While My Guitar Gently Weeps

It transitioned from my guitar to the guitar within a matter of months. Six years ago, I zipped it up into its cheap soft case and it hasn’t been removed since. The only reason I know that there is still a guitar there is that when I accidently knock it, when moving stuff in the spare room, a slightly smothered but still surprisingly loud sound vibrates out of it.

My brief spell with music began late, when I was 16. With hormones racing in typical teenage fashion, I instantly fell for my guitar teacher. I could feel his eyes on me as my nervous sweaty fingers slipped childishly along the strings. I practiced everyday for an hour, sometimes more. But often I would lie and say I had done very little practice, thinking that acting indifferent to my guitar playing was less embarrassing than admitting that I had tried and failed. He assured me that my fingers would build up a resistance to the steel strings, but I watched as calluses formed on my finger tips and subsequently fell off leaving even softer new skin.

I’d watch in envy as friend’s fingers would dance along the fret board effortlessly and I’d recall my frustration the perpetual ticking of the metronome as I tried to grasp basic scales and rhymes. They could strum effortlessly, lost in music and play without thinking. I, on the other hand, agonized over every chord, awkwardly stretching and twisted my fingers to make what felt like impossible chord configurations.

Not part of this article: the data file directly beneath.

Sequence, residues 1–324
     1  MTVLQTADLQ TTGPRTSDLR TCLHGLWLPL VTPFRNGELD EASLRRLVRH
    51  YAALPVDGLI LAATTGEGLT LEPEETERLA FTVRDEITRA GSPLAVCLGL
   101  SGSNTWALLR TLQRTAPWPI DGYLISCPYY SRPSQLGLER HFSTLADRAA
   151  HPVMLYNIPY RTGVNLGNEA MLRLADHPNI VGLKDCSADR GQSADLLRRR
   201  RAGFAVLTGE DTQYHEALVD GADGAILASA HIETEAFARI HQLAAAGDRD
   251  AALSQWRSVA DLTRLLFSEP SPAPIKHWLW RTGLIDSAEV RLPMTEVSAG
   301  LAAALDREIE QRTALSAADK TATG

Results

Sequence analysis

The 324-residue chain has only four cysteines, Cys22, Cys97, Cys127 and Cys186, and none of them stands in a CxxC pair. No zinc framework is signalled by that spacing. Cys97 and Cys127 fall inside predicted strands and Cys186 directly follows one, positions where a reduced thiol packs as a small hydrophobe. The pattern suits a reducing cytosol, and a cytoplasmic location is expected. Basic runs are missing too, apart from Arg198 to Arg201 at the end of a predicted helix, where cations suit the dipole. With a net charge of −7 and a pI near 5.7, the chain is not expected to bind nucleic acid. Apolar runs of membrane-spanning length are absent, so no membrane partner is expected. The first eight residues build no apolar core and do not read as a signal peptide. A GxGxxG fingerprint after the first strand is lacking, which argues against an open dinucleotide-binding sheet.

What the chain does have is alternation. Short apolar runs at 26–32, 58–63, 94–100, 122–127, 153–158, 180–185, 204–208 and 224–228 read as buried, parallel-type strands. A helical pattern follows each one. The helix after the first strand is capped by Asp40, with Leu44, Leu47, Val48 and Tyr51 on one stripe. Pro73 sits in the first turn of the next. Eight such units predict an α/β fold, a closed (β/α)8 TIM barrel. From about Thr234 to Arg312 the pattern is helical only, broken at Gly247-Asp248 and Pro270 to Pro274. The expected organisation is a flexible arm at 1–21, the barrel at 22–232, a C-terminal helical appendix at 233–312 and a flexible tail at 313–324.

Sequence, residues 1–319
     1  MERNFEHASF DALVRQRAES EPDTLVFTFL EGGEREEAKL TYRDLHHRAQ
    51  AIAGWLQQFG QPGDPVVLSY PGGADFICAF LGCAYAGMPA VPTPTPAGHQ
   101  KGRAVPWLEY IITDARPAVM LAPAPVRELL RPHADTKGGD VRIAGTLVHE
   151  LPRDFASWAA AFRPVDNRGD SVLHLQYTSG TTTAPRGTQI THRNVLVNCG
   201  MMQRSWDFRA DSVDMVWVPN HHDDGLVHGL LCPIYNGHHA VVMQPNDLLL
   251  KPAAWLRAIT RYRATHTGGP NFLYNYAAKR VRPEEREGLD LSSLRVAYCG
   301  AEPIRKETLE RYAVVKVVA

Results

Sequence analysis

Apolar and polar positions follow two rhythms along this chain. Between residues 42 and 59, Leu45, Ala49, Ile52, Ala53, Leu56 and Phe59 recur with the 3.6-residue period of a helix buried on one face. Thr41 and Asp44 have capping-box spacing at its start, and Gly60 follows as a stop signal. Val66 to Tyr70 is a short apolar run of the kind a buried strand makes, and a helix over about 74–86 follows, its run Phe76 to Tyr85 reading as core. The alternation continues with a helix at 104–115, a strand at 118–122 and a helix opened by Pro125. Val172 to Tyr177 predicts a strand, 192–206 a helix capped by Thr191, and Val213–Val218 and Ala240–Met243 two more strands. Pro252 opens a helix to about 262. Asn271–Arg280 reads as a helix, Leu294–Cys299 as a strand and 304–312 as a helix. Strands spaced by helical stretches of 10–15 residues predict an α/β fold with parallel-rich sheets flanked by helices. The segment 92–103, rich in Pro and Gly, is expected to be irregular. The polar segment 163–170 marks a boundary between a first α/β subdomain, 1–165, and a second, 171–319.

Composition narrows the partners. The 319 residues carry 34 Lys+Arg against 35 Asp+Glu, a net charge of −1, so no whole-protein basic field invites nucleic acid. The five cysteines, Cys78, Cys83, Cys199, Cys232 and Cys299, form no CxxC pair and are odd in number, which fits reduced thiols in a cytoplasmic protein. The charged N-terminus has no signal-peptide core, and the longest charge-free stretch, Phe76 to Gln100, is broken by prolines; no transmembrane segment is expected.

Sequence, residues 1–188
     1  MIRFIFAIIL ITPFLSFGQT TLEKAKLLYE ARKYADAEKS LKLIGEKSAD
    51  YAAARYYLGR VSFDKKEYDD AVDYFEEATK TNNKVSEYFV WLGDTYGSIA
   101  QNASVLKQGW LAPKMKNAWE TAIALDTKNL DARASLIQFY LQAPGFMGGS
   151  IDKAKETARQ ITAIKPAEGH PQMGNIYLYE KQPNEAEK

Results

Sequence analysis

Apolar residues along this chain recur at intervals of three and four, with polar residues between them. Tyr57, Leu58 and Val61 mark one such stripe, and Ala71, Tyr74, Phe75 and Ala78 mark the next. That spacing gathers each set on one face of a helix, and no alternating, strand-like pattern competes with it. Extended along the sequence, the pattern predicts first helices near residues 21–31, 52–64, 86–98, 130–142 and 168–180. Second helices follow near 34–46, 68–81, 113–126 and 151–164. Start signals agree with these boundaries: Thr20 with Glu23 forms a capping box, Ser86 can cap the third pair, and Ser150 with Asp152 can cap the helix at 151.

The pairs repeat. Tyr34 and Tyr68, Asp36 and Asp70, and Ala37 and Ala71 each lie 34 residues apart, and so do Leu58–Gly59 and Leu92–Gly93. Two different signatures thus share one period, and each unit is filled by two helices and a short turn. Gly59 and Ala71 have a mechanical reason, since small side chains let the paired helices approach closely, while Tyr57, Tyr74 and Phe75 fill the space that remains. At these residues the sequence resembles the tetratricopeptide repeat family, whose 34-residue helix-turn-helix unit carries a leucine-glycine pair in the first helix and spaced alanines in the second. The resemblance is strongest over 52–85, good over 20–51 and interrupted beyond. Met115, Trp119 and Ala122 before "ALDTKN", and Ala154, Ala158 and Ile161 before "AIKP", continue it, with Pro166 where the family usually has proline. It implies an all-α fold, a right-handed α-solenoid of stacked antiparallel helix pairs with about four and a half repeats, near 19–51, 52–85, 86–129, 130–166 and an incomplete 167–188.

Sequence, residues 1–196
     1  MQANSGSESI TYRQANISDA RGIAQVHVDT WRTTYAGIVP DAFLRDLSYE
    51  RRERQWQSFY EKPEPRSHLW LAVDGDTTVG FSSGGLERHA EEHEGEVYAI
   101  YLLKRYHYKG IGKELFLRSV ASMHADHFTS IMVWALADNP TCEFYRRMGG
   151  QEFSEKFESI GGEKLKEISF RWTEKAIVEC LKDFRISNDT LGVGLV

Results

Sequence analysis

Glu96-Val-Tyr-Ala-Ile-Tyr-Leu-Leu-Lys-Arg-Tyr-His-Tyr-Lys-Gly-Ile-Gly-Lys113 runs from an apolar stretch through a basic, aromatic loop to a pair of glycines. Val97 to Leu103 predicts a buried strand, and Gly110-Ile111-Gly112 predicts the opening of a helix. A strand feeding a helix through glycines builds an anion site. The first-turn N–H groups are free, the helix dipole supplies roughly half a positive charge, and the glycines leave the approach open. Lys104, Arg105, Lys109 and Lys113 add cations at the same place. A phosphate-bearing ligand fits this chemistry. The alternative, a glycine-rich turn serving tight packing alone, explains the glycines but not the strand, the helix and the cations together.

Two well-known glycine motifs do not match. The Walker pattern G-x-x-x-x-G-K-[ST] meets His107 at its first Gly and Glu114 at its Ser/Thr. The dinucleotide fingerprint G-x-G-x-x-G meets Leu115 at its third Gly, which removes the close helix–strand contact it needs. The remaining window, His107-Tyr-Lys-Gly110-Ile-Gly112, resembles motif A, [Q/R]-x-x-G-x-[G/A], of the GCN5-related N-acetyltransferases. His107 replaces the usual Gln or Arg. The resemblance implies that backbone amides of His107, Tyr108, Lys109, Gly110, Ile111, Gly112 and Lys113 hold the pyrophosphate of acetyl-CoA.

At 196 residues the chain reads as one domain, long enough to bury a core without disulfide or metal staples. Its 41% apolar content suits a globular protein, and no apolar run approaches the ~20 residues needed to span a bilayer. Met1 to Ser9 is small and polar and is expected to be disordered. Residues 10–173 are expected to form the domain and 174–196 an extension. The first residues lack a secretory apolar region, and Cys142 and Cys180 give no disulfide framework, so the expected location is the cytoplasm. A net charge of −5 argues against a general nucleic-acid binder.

The zipped guitar bag is a closed casket containing my often angst-ridden, embarrassing adolescence. It represents old crushes and old musician boyfriends. It represents what I perceived as failure on my part to never become the cool, strong Joan Baez-type character that I thought I could only become by mastering guitar playing. The poor fashion decisions, terrible “nu metal” music all build up a picture of who I was during my teens. I’ve thrown out or lost numerous photographs of this era, but the guitar is still in my house, too big to simply lose or throw away.

We surround ourselves with the things and memories we love; souvenirs, family photographs, old ticket stubs and books. But it’s interesting also to examine what we have locked away as they give us to get a fuller picture. Everyone tries to construct a version of his or her former selves through selecting, editing and often falsely writing history. Though perhaps in the future, we will no longer be able to hide away pictures of embarrassing haircuts as everything will be tagged and archived in the online representations of ourselves. Maybe you won’t be able to move to another city, escape your embarrassing and your little online avatar will follow you wherever you go, whether you want it to or not.

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